Dec 1, 2009 | Marmot, Winter 2009

Born to be Wild! An Extraordinary Event in BC’s Oldest Park

“Elizabeth G and Penny both have pups!” reported crew of the Marmot Recovery Foundation. The excitement was warranted.

These two small litters were the first born in Strathcona Park in over twenty years.

The moms, born in captivity, were released to the Park in 2007 as part of a larger recovery strategy.

While the Park is well known to contain some of the most spectacular scenery in the country, it is lesser known as home to one of the rarest animals in the world – the Vancouver Island marmot, official sidekick to the Vancouver Olympic Games.

Evidence suggests that not so long ago the Park was home to hundreds of the Canadian marmots. But by the end of the last century, aside from a single colony on Mount Washington, the entire marmot population in the Central and Northern Regions of the Island had collapsed and all that remained of the southern population was a handful of scattered and declining colonies.

The number of known Vancouver Island marmots in the wild had plummeted to less than 30 animals. The Canadian marmot was poised on the brink of extinction.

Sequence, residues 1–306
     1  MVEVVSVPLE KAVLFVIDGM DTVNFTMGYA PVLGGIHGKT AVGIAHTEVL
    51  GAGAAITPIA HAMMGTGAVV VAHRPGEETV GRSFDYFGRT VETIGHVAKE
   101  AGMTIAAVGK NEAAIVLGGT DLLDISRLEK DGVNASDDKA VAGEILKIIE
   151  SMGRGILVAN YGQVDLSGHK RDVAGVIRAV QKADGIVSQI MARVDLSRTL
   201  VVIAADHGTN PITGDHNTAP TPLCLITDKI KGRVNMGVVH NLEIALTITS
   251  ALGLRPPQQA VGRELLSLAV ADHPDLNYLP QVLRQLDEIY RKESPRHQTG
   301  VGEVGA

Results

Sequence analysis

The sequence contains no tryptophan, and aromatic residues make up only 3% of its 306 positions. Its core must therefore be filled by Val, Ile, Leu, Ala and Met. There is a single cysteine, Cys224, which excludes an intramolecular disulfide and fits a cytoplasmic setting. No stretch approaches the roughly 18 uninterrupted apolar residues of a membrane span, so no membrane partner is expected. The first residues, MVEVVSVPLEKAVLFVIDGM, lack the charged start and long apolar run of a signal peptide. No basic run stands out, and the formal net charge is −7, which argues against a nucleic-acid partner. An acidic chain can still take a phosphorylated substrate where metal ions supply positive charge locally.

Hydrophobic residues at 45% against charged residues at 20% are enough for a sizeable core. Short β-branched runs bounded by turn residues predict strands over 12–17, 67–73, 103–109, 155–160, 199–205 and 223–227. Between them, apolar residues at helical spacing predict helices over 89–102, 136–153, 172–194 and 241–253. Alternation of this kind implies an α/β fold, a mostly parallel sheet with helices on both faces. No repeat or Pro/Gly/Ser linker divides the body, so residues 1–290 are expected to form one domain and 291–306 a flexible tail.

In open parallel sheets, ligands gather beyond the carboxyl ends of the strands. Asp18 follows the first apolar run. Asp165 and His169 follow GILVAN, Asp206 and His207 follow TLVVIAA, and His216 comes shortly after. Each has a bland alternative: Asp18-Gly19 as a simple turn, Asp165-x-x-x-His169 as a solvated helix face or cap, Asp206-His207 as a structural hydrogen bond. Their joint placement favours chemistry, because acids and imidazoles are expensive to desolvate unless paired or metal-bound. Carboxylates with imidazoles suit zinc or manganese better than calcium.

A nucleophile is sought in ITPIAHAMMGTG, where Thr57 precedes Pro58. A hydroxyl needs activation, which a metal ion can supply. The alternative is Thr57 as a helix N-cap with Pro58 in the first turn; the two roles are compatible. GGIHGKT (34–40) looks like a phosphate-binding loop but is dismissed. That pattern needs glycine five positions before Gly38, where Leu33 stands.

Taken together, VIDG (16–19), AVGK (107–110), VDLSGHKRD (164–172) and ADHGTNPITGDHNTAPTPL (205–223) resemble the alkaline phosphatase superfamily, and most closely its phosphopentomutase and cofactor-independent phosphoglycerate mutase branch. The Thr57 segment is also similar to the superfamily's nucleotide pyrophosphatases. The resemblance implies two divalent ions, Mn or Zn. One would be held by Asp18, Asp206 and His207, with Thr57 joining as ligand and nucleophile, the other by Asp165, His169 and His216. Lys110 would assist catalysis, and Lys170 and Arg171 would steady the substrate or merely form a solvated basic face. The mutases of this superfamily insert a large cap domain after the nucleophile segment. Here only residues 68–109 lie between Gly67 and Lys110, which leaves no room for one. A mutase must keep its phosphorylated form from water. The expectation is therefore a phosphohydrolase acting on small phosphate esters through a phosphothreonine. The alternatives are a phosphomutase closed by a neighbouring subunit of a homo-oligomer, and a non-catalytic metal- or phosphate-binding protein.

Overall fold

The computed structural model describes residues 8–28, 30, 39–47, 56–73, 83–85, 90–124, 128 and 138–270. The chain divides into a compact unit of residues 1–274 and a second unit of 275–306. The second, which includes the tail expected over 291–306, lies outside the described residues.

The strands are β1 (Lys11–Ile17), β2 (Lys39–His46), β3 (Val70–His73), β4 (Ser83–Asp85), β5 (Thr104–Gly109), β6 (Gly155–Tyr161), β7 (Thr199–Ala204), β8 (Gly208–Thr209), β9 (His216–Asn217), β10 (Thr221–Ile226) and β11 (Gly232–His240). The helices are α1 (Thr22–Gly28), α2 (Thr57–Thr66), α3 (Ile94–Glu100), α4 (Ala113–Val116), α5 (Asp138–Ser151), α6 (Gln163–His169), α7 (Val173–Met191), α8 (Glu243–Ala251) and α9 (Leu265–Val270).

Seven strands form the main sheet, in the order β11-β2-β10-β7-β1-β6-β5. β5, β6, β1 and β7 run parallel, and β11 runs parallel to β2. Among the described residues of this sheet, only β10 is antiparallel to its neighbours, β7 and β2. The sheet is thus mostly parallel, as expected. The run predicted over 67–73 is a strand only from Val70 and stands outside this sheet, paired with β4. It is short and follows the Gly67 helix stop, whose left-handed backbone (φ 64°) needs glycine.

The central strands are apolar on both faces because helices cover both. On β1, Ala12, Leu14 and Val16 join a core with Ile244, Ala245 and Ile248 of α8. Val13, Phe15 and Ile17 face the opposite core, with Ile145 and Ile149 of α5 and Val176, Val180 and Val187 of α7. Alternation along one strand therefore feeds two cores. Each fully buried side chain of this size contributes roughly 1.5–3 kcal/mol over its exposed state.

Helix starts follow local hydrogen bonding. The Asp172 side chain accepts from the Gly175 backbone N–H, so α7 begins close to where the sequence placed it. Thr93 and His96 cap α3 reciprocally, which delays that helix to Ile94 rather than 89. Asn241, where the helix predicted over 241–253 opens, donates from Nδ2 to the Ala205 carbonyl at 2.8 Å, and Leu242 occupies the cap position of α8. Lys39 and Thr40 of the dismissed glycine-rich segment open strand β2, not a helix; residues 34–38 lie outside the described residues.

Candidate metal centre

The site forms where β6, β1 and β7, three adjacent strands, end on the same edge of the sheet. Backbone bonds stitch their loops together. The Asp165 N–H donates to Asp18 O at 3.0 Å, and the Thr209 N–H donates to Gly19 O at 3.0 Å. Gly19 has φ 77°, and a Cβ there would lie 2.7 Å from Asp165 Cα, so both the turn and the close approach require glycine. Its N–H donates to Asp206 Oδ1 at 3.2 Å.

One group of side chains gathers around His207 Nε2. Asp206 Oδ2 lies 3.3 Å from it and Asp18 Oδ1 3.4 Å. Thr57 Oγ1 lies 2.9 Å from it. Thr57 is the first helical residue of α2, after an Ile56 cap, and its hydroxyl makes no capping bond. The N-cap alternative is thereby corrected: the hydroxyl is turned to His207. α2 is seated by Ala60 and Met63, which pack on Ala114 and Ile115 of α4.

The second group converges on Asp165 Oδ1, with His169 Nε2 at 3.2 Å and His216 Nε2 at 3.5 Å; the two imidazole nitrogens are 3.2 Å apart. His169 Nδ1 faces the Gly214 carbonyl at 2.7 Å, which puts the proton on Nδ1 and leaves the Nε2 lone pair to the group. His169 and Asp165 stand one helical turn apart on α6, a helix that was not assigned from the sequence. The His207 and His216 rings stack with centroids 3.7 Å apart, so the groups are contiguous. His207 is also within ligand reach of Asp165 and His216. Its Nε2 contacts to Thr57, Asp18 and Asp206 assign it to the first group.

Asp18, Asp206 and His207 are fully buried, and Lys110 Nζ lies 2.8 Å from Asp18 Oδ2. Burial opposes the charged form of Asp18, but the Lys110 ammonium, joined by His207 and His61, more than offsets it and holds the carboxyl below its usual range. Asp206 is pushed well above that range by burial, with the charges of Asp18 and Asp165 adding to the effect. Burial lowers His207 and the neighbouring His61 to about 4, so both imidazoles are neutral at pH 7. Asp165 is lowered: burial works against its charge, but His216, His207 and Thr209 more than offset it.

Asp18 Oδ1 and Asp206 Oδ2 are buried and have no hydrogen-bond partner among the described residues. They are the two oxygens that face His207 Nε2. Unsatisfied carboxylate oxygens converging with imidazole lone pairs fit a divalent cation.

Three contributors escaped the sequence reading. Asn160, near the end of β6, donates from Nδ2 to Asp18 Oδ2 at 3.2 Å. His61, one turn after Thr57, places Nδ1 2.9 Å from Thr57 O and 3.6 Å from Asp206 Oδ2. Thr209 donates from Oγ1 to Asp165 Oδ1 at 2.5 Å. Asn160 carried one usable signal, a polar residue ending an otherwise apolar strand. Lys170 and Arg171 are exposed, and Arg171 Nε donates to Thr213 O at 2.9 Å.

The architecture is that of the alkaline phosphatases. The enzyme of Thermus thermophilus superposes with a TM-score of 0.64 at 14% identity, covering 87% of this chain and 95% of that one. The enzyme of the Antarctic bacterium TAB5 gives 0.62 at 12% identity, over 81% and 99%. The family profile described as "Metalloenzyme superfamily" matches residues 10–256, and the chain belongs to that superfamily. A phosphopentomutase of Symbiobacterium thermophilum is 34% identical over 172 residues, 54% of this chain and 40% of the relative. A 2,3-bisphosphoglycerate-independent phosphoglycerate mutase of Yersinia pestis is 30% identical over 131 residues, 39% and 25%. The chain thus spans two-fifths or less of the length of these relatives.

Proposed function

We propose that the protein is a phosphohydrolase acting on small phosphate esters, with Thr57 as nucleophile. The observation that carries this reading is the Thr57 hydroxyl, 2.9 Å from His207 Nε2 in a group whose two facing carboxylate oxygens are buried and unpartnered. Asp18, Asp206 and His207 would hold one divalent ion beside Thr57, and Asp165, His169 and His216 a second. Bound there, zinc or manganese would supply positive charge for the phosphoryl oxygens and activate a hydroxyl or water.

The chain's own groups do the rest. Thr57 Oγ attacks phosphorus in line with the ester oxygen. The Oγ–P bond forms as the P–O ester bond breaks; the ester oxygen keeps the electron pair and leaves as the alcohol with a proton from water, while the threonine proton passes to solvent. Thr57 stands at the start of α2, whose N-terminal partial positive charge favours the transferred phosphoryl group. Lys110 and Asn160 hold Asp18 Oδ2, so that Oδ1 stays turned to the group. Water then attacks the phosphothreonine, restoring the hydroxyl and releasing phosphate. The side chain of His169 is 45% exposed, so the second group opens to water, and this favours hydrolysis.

Fortunately, the warning signs were heeded by a group of stakeholders united by the Marmot Recovery Foundation. A captive breeding program was begun and, as captive-born marmots became available, a release program ensued.

“The last few years have been really encouraging”, said Viki Jackson Executive Director of the Foundation, “now that captive breeding is doing well we’ve been able increase the number of marmots being released and we’re starting to see real progress. There are now well over 200 marmots in the wild.”

“While the birth of pups in the park is fantastic news, it’s important to keep it in context”, Jackson said, “Five small pups are promising signs but they are only the beginnings of a restored marmot population in the Park and we’re still only 1/3 of the way to the recovery target for the whole population.”

Release plans for 2010 are the most ambitious yet. Along with BC Hydro-BCRP, the Foundation plans to release 90-120 marmots in the Park. “It’s important to get the marmots born in captivity out to the wild where they can help the fledgling colonies get a leg up,” Viki said.

“With the Olympic Games pending, I hope the attention given to MUKMUK shines some light on the real Vancouver Island marmots so the world can see first hand what’s possible given the will and commitment of the stakeholders to act. In a way, the marmots’ story is a reflection of what many of the Olympic athletes must have faced, one of overcoming considerable odds to win”.

The Marmot Recovery Foundation is a unique coalition of stakeholders whose primary partners include TimberWest, Island Timberlands, the public through the Marmot Recovery Foundation and the BC government.

To find out how you can help go to

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